First 2012 Human Case of West Nile in Prowers County

Lamar, CO– Prowers County Public Health and Environment officials have received word of the determination by of the Colorado Department of Public Health and Environment of the first human case of West Nile Virus in the county. In 2012 Prowers County only recently had West Nile Virus confirmed in mosquitoes from a pool of samples collected in late August. As of September 19th, the Colorado Department of Public Health and Environment listed a total of 75 human cases across 17 counties in Colorado with two deaths reported from Montrose County.

According to Keith Siemsen, Manager of Environmental Health for PCPHE, there were no confirmed human cases in Prowers County in 2011 and three of the four confirmed cases in Prowers County in 2010 occurred after September 1st. (Note that one of those confirmed cases in 2010 resulted in a death). Due to the severity of the current outbreak, and fact that recent data shows the number of cases increasing significantly across the U.S., PCPHE is urging citizens to increase their focus towards preventative measures in their daily activities.

West Nile Virus is carried by certain birds and transmitted to people by bites from mosquitoes that have fed on infected birds. Female Culex mosquitoes, the species that carries the virus, usually start emerging in late April or early May.

Siemsen adds, “Each season this virus will be present and circulating around the state. The severity of the season will depend on the weather. But the good news is that West Nile virus is preventable, and now is the time to take precautions against the disease.”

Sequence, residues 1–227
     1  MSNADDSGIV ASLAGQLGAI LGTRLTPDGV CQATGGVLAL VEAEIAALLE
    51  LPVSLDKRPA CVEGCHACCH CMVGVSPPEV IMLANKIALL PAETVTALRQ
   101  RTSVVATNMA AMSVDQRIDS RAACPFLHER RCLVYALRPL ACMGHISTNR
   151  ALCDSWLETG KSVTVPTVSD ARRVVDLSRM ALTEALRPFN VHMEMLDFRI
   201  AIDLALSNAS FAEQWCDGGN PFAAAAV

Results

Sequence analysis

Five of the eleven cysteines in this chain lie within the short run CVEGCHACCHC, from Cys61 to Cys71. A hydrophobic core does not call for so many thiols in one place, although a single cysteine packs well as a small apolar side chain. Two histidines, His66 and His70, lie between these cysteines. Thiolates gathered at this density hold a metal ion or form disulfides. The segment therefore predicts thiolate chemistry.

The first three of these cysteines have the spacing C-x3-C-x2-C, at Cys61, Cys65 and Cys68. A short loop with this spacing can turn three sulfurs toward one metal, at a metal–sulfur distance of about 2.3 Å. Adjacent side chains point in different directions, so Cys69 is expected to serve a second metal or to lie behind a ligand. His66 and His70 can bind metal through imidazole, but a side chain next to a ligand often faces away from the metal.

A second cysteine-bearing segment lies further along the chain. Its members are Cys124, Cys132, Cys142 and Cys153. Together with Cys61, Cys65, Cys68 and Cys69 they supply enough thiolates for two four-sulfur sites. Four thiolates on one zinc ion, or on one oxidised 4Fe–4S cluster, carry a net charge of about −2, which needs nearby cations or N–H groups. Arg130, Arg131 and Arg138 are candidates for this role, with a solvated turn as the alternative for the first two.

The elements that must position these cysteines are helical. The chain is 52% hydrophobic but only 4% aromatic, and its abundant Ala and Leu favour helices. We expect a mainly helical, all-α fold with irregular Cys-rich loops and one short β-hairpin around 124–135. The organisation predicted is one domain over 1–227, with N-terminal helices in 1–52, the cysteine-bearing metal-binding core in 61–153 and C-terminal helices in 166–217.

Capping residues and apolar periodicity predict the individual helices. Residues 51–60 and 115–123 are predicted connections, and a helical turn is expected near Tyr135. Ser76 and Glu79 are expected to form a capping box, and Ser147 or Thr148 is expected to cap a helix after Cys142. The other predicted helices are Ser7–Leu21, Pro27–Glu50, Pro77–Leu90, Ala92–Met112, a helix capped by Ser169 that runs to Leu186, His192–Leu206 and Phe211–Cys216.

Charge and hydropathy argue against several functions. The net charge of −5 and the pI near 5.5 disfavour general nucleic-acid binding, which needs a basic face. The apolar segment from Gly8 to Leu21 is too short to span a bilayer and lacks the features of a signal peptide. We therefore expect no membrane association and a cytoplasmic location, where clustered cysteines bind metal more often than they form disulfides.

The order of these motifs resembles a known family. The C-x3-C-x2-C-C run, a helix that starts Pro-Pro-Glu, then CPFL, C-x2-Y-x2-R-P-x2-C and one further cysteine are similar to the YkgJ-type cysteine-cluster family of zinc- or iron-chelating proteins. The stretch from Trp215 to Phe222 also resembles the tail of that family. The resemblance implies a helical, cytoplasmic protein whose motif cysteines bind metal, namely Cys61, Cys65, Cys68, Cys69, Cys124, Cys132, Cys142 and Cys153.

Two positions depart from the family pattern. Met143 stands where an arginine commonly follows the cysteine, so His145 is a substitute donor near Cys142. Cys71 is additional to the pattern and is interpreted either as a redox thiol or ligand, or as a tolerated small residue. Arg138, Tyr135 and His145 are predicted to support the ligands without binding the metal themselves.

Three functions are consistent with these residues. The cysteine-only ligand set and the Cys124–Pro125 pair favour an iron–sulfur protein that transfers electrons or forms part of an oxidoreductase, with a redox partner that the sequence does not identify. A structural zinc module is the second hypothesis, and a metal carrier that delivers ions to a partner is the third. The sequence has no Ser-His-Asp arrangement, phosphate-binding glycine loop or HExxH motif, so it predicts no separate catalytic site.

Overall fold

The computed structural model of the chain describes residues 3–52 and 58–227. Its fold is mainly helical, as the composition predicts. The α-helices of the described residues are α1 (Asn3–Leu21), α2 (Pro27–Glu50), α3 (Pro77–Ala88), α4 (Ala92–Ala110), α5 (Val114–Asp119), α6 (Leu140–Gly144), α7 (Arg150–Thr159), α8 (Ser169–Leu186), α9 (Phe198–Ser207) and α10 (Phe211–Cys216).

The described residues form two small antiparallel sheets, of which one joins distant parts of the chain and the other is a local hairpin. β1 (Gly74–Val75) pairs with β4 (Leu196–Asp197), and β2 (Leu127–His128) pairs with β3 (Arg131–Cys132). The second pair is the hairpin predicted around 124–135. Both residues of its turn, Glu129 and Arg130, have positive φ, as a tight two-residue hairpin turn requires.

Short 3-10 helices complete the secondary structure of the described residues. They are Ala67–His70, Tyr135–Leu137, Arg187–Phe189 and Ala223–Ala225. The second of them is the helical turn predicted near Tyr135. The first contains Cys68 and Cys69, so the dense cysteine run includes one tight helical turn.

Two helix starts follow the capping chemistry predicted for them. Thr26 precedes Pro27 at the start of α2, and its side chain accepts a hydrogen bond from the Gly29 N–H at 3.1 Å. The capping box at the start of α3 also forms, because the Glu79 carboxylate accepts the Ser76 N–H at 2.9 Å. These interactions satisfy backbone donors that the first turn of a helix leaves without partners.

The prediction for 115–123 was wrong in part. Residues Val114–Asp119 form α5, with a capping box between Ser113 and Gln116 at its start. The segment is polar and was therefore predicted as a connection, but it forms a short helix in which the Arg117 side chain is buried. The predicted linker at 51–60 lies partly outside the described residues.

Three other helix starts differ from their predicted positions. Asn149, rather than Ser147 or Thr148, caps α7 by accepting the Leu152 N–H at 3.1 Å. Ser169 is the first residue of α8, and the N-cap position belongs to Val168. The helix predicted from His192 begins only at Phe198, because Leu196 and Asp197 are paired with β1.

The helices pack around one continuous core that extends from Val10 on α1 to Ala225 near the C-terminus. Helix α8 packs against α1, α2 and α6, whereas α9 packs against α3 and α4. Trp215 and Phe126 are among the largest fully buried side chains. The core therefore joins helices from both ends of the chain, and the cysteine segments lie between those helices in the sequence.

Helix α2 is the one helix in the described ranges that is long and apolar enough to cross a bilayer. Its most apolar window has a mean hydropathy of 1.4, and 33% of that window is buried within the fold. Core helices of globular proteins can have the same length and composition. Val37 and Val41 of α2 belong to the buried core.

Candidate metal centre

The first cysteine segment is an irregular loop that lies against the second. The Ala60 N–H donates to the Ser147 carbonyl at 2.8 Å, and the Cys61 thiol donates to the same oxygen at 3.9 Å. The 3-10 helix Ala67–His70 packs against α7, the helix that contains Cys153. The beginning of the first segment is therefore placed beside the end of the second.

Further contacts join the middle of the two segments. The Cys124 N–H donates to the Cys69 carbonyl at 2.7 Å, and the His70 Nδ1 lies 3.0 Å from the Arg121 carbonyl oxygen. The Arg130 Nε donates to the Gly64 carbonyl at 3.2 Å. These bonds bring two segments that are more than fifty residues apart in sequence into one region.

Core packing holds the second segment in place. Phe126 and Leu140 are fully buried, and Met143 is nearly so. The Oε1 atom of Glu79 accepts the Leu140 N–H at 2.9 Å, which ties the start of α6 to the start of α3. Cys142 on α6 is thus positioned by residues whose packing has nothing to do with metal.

Additional precautions to take against West Nile virus include:
DRAIN standing water around the house weekly since it’s where mosquitoes lay eggs, including: tires, cans, flowerpots, clogged rain gutters, rain barrels, toys and puddles.
DUSK & DAWN are when mosquitoes that carry the virus are most active, so limit outdoor activities or take precautions to prevent mosquito bites.
DEET is an effective ingredient to look for in insect repellents. Always follow label instructions carefully.
DRESS in long sleeves and pants during dawn and dusk or in areas where mosquitoes are active.

For tanks and ponds use larvicides as directed, larvacides can be purchased at various retail centers in Prowers County

West Nile Virus has an incubation period of 3 days to two weeks. It can result in fever, meningitis and encephalitis, and have the potential for causing long-term illness and disability. The virus can affect any age group; however the chance that any one person is going to become ill from a single mosquito bite remains low. The risk of severe illness and death is highest for people over 50 years old, although people of all ages can become ill. Symptoms may include fever, fatigue, headache, muscle weakness, rash, stiff neck or changed mental state. If you have any of these symptoms please see your health care provider.

Just one mosquito bite can transmit West Nile virus or other diseases. To prevent illness from WNV and other mosquito-borne diseases, remember prevention is the best method. Fighting mosquito bites reduces the risk of getting this disease, along with others that mosquitoes can carry.

Don’t let mosquitoes ruin your fall…. Keep insect repellent handy and get rid of mosquito breeding sites in the yard!

For more information you can call Prowers County Public Health and Environment at 336-8721 or you can visit or CDC website

Filed Under: AgriculturecommunityCountyFeaturedGranadaHealthHollyLamarPublic SafetyThe Journal AlertWiley


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